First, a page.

Evolution Becomes Conscious

SUBHEAD: It has been said that we are going to be the first species that is able to scientifically monitor our own extinction.

By Molly Scott Cato on 5 January 2013 for Gaian Economics-

Image above: Print of illustration by Ernst Haekel (1867) titled "The Modern Theory of the Descent of Man" From (http://www.etsy.com/listing/86407125/the-modern-theory-of-the-descent-of-man).

I’m going to start by saying something about science. On Monday I listened to Evan Davies interviewing fisheries minister Richard Benyon about his decision to oppose the latest EU fisheries proposal which Benyon claimed he was doing ‘on scientific grounds’. Davies brought in the top fisheries scientist from Defra, who argued for the EU proposal. Evan Davies seemed genuinely perplexed by the inability of the scientists to agree. He was seeking a ‘right’ answer, that was scientifically proved and unassailable.

Years ago I put together a report called ‘I Don’t Know Much About Science But I Know What I Like’. It’s Martin Amis’s joke but I’ve always enjoyed it. The reason I enjoy it is that it achieves with wit and brevity the task of challenging the right of science, usually in this context meaning statistical evidence, to trump other forms of thought.

Caroline Lucas has said that we are going to be the first species that is able to scientifically monitor our own extinction. Consecutive reports from the IPCC suggest that she is right about this, but I am a bit more optimistic. My optimism organises itself under my latest personal mantra: ‘Join the Evolution’ and it works like this.

We are unique in being a self-conscious animal. When other animals receive indications that they are reaching the limits of their evolutionary niche they respond to these by finding a new niche, or by failing to reproduce, or otherwise by ensuring that their numbers decline. As humans we are too clever for that. We can use our clever minds and our technology to keep pushing the boundary outwards, ignoring and filtering out the clear evidence that the ecological safety-limits have been exceeded.

So as a self-conscious animal we need to evolve self-consciously. We need to find a way to get a collective grip on ourselves, to stop believing our own fantasies, to get back down to earth. This is what I mean by ‘joining the evolution’, and I would argue that it is a desire to do something like this that has brought you here today.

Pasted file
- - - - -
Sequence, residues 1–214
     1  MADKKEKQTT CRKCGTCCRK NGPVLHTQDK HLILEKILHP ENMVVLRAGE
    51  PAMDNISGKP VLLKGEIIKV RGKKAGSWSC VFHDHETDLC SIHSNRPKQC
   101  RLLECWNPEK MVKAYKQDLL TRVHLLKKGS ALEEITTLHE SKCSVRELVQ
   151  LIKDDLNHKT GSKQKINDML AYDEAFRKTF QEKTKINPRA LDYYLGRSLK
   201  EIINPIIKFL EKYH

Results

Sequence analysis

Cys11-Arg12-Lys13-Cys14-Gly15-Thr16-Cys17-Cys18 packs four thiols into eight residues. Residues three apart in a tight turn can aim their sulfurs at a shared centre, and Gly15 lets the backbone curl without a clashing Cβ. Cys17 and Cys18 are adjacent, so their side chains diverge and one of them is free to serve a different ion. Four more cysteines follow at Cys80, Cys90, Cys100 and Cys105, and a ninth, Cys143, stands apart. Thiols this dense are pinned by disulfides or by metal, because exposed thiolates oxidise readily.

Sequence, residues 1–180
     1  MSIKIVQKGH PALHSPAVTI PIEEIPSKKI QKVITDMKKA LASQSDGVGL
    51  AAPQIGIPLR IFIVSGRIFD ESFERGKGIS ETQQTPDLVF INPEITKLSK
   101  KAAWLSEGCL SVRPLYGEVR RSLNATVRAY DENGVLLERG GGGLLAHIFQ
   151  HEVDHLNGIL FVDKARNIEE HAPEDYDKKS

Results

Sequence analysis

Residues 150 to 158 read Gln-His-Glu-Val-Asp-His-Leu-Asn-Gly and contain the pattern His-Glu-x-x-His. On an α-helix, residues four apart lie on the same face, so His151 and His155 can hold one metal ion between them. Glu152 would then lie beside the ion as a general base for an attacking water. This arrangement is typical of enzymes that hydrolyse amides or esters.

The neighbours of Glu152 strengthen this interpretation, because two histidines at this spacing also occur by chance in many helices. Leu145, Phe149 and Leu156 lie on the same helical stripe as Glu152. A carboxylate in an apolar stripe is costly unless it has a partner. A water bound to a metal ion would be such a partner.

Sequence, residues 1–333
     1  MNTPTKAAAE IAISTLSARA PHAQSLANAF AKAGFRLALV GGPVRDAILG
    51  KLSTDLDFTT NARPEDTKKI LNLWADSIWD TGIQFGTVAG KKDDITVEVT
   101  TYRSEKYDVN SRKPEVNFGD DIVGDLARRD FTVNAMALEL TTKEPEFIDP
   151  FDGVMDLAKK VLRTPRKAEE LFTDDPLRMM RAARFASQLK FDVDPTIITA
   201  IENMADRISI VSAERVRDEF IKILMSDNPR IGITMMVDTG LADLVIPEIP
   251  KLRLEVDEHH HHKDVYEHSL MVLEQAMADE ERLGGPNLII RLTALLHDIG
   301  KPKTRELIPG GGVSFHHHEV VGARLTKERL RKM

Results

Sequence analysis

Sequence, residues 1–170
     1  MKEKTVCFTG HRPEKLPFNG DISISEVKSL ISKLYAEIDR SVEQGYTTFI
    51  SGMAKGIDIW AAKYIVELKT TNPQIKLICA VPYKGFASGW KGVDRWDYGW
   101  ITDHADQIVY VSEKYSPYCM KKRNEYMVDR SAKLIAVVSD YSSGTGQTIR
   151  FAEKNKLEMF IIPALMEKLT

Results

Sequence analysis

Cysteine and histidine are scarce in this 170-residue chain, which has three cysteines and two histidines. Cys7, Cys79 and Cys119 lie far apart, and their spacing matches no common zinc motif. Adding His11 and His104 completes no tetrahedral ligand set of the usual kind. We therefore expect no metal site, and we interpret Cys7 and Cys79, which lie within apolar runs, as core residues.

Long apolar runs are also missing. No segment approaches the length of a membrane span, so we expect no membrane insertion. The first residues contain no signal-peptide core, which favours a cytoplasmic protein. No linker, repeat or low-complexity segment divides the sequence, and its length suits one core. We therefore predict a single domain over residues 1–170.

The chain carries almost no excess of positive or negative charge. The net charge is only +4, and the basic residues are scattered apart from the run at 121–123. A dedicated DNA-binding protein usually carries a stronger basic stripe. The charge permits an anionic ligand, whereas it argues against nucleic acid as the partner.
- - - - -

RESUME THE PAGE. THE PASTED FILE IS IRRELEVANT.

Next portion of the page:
So I have nothing against science, and I think being able to prove that resources are not limitless and have some idea of the scope of the problem we are facing is vitally important in convincing those trapped in the scientistic mind-set. But it is not going to save us. We need much more human solutions to do that.

[IB Editor's note: I recently read a chapter 3, "Darwin's Dilemma: The Odyssey of Evolution", in Stephen Jay Gould's book "Ever Since Darwin" (1973)  - In it he discusses how the word "evolution" came to describe Darwin's theory of the natural change and differentiation among living species and how it has been mistakenly interpreted by many since.-
 "Ironically, however, the father of evolutionary theory stood almost alone in insisting that organic change led only to increasing adaptation between organisms and their own environment and not to an abstract ideal of progress defined by structural complexity or increasing heterogeneity-never say higher or lower. Had we heeded Darwin's warning, we would have been spared much of the confusion and misund­erstanding that exists between scientists and laymen today. For Darwin's view has triumphed among scientists who long ago abandoned the concept of necessary links between evo­lution and progress as the worst kind of anthropocentric bias. Yet most laymen still equate evolution with progress and define human evolution not simply as change, but as increas­ing intelligence, increasing height, or some other measure of assumed improvement."]

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